For many people the appearance of Christmas decorations in shop windows and Jingle Bells on television commercials herald in a time of everything but Christmas cheer.
Christmas to many people is synonymous with either family fights and tensions or with loneliness. For others it means slaving away behind the stove or battling other Christmas shoppers in large and overcrowded shopping malls.
Things you can do to have a painless Christmas
Don't be on your own. If you are single, or have no family in the place where you are going to be, do something about it now. Invite a few others round who are in the same position and offer your house as a venue for the event. Share the cooking. Don’t wait until two days before Christmas before you take action.
What sort of gifts? Sit down with the family and decide whether you are going to give individual or joint gifts. Some families pool their money and buy one large gift for every person rather than many smaller ones. Sometimes it is a good idea to put an upper limit, say R50, on the prices spent on gifts. Remember that small children often enjoy getting many small gifts rather than one large one.
Buy gifts now. Not two days before Christmas when half of the southern hemisphere will be out there with the same intention.
Share the cooking. If you are inviting other people for Christmas lunch, divide up the cooking between them. Salads, desserts and vegetables can be cooked or bought by anyone. Don’t exhaust yourself by trying to do everything yourself.
Avoid fights at all costs. If there have been family tensions during the year, everything is not going to disappear miraculously because it is Christmas. Try and sort things out beforehand, or if you can’t, call a truce – at least for the duration of the Christmas lunch.
Avoid hot lunches. In our climate, cold meats and salads make so much more sense than roasted turkey and hot vegetables.
Try and get someone to help you. Maybe even one of the guests on the day before to prepare and decorate the venue. There is more work to this than one imagines.
Rope in the kids. If your children are old enough, let them decorate the Christmas tree. You do not have to use standard Christmas decorations. A tree decorated with little red apples and sprayed pine cones also looks very attractive.
Have a break. Try to put in leave for at least a week before Christmas. This will prevent you from being overworked and overstressed by the time it arrives.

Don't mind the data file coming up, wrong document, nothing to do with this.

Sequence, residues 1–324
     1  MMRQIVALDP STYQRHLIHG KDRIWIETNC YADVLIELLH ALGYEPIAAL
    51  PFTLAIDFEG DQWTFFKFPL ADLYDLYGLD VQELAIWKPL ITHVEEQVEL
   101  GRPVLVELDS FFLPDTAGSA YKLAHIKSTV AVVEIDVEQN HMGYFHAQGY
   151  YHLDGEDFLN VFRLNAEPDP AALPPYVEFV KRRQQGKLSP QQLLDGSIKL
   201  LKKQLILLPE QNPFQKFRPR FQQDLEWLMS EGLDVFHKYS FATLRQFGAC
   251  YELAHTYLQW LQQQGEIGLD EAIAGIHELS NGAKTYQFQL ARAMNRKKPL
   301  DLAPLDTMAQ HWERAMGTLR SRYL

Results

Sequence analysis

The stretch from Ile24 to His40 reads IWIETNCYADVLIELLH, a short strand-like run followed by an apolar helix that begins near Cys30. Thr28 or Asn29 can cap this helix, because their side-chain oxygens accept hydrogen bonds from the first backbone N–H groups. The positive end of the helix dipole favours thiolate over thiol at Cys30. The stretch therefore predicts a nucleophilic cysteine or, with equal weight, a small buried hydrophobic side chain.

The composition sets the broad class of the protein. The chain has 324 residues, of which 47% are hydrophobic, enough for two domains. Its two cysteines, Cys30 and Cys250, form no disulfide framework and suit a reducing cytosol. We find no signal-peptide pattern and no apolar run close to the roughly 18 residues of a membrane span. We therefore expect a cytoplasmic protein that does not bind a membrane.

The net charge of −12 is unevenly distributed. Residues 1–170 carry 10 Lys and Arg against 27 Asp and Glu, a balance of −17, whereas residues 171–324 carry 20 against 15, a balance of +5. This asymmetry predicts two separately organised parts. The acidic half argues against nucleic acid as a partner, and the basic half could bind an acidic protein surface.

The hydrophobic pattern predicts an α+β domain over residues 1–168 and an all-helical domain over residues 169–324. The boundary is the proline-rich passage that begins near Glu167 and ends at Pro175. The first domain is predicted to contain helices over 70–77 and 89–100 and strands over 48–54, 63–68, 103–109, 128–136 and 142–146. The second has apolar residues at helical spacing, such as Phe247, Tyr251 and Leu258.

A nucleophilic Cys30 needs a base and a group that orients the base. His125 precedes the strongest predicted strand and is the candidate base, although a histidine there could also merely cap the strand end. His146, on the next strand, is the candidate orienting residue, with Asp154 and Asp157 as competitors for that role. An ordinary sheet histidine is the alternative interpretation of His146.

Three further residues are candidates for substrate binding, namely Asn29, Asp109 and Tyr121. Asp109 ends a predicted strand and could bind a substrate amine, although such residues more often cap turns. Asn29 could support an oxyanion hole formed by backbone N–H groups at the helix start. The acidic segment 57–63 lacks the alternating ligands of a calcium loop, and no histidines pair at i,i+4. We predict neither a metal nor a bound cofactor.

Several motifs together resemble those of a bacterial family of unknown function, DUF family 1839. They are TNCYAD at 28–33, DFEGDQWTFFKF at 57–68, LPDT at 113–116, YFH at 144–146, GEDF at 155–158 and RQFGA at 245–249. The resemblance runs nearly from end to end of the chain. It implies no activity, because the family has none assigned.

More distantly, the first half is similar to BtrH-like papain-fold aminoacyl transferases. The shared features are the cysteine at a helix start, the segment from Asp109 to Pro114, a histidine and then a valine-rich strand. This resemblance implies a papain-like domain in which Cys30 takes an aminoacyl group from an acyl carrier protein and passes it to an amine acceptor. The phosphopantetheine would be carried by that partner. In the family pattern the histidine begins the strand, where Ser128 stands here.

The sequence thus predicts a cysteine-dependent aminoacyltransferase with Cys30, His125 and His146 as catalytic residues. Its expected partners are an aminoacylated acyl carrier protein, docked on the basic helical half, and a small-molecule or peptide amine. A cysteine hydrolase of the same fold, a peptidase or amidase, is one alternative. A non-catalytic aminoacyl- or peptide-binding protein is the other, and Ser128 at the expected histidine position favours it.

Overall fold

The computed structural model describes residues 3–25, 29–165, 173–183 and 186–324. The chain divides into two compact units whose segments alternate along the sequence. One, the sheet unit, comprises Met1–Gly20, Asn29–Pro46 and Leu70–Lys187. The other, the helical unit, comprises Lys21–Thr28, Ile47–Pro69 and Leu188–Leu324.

Invite non-family members. If any traumatic events happened during the year, such as divorce, separation or the death of a family member, it is always less painful to have Christmas together with people who are not family members. Christmas being a time of reflection and memories, things can get quite emotional.
Be charitable. Invite at least one person to lunch who would have otherwise spent the day on their own. This also demonstrates to your children the whole idea behind the so-called Christmas spirit.
Wrap gifts well in advance. The last thing you want ten minutes before the guests arrive, is to have your hand entangled in sellotape.
An emergency supply of small gifts. Always have two or three little gifts to spare – soap or a bottle of wine will do. These go a long way to curbing embarrassment in the event of someone arriving unexpectedly with a gift for you.
Make difficult phonecalls beforehand. If you have unpleasant phone calls to make, for instance to your stepmother with whom you have never got on, make them the day before, in case the call upsets you and spoils your Christmas Day.
Keep things simple. If someone managed to spoil the whole day for everyone last year, think up an excuse and don’t invite them this year.
You can always flee. Either with husband and children in tow, or on your own, if Christmas at home is too much to face. Go camping in Mozambique or rent a beach cottage in some remote spot. Somehow when people are on holiday and sunburnt and overfed, baked beans on toast might just suffice for Christmas lunch!
(Susan Erasmus, Health24, updated December 2010)